Generally, this post will do nothing more than point out the great importance of the work done by Goren, Finkelstein, and Na’aman in their using the type of clay of several Amarna tablets to determine the locations from which they were sent, and show the absolute locations of these locations.
One of the most valuable finds of this work is the discovery of the true location of the Amarna-era capital of the Alashiyan kingdom- either Kalavasos-Ayios Dhimitrios (34°45’3″N, 33°18’10″E) or, more likely, (Kh)Alassa-Paliotaverna (34°45’30″N, 32°55’18″E). Almost equally valuable was the chronicling of the expansion of the Kingdom of Amurru, from a chiefdom on both banks of the Kebir (Syro-Lebanese border) and the mountains east of Tripoli/Ullasa, to a kingdom with its capital at Tell Arde/Ardata, 34°24’30″N, 35°54’53″E, to a monarchy centered at Irqata, encompassing Tell Kazel/Zemar (34°42’31″N, 35°59’10″E) and Tell Asharneh/Tunip (35°17’13″N, 36°23’52″E). If the Egyptians had established stronger bases north of Kumidi (33°37’26″N, 35°49’17″E), their primary Syrian administration center, and founded a major fort at Kadesh/Tell Nebi Mend, 34°33’26″N, 36°31’10″E, the Kingdom of Amurru might have never became what it had.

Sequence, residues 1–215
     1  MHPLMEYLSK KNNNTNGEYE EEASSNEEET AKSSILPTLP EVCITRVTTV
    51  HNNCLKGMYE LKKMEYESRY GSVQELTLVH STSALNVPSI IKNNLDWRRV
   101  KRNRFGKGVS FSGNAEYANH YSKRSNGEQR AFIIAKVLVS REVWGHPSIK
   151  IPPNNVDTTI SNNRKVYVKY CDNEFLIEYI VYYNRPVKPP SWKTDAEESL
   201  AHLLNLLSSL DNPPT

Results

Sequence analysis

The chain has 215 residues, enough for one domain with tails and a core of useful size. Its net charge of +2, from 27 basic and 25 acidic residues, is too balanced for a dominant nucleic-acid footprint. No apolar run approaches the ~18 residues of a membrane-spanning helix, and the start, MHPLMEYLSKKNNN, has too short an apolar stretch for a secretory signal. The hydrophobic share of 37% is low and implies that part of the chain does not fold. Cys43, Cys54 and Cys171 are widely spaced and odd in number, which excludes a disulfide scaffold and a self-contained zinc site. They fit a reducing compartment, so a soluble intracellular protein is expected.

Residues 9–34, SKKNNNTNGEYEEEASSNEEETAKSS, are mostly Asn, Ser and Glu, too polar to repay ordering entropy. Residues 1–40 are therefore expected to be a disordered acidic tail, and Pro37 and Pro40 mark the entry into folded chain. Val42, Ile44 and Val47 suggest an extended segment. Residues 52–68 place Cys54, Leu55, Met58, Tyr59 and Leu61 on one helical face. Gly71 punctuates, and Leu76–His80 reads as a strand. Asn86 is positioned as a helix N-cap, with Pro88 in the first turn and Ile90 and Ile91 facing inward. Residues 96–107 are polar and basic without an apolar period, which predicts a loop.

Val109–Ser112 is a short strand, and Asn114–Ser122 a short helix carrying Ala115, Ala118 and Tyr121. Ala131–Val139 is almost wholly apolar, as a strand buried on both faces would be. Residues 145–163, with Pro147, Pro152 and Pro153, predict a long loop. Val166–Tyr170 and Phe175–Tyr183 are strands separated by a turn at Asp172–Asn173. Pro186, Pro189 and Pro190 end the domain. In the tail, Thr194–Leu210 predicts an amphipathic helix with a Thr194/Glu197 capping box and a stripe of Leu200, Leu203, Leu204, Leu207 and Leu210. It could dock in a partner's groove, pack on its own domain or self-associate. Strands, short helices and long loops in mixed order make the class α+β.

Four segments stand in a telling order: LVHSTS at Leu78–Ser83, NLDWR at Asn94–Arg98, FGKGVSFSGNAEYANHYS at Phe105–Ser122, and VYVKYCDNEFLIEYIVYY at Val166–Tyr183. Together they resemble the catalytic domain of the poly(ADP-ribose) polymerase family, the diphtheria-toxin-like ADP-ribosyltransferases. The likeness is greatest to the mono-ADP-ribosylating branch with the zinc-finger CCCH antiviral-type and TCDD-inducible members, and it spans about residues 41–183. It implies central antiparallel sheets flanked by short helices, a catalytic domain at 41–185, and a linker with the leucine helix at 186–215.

The capital of king Ba’lu-mehir (EA 257-259), [x-x-i]G-ma-te, has finally been shown to be Jokneam (32°39’52″N, 35° 6’32″E). Ba’lu-UR.SAG’s city has been shown to be Rehov (near Behshean), eliminating Jatt as a candidate for Ginti-Padalla (a disputed city between Labayu of Shechem and Ba’lu-UR.SAG). Ginti-kirmil has been determined to be not at Gath or at Carmel, but at Jatt, revealing what Abdi-Heba was contrasting with “the land of Seir”.
Work such as this should be encouraged and continued. Who knows what other facts might be discovered in the future by petrographical analysis?